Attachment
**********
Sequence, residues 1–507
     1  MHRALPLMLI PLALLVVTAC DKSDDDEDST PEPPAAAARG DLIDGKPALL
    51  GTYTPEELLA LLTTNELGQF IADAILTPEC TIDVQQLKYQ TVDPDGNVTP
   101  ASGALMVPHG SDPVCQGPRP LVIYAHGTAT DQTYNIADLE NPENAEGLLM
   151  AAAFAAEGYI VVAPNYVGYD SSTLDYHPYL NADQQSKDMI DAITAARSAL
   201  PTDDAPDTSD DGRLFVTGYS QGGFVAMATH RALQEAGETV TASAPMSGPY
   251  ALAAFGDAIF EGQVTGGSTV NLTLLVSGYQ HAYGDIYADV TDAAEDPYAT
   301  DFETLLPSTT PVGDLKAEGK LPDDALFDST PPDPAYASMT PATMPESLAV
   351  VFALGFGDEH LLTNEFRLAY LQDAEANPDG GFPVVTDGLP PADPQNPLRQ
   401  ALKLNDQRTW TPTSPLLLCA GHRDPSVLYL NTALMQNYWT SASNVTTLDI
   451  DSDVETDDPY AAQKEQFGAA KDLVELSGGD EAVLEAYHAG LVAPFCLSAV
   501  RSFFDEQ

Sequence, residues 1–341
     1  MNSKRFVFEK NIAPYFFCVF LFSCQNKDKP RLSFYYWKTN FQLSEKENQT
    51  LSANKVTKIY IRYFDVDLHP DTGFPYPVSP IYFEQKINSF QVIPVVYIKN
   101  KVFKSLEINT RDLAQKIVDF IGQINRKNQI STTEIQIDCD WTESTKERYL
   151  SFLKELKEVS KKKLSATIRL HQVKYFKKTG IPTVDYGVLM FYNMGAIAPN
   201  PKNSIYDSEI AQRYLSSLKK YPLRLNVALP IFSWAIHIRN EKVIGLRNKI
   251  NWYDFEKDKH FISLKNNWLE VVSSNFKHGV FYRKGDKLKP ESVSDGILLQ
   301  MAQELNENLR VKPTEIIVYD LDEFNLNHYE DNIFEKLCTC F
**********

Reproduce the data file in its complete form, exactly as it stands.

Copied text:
Sequence, residues 1–507
     1  MHRALPLMLI PLALLVVTAC DKSDDDEDST PEPPAAAARG DLIDGKPALL
    51  GTYTPEELLA LLTTNELGQF IADAILTPEC TIDVQQLKYQ TVDPDGNVTP
   101  ASGALMVPHG SDPVCQGPRP LVIYAHGTAT DQTYNIADLE NPENAEGLLM
   151  AAAFAAEGYI VVAPNYVGYD SSTLDYHPYL NADQQSKDMI DAITAARSAL
   201  PTDDAPDTSD DGRLFVTGYS QGGFVAMATH RALQEAGETV TASAPMSGPY
   251  ALAAFGDAIF EGQVTGGSTV NLTLLVSGYQ HAYGDIYADV TDAAEDPYAT
   301  DFETLLPSTT PVGDLKAEGK LPDDALFDST PPDPAYASMT PATMPESLAV
   351  VFALGFGDEH LLTNEFRLAY LQDAEANPDG GFPVVTDGLP PADPQNPLRQ
   401  ALKLNDQRTW TPTSPLLLCA GHRDPSVLYL NTALMQNYWT SASNVTTLDI
   451  DSDVETDDPY AAQKEQFGAA KDLVELSGGD EAVLEAYHAG LVAPFCLSAV
   501  RSFFDEQ

Sequence, residues 1–341
     1  MNSKRFVFEK NIAPYFFCVF LFSCQNKDKP RLSFYYWKTN FQLSEKENQT
    51  LSANKVTKIY IRYFDVDLHP DTGFPYPVSP IYFEQKINSF QVIPVVYIKN
   101  KVFKSLEINT RDLAQKIVDF IGQINRKNQI STTEIQIDCD WTESTKERYL
   151  SFLKELKEVS KKKLSATIRL HQVKYFKKTG IPTVDYGVLM FYNMGAIAPN
   201  PKNSIYDSEI AQRYLSSLKK YPLRLNVALP IFSWAIHIRN EKVIGLRNKI
   251  NWYDFEKDKH FISLKNNWLE VVSSNFKHGV FYRKGDKLKP ESVSDGILLQ
   301  MAQELNENLR VKPTEIIVYD LDEFNLNHYE DNIFEKLCTC F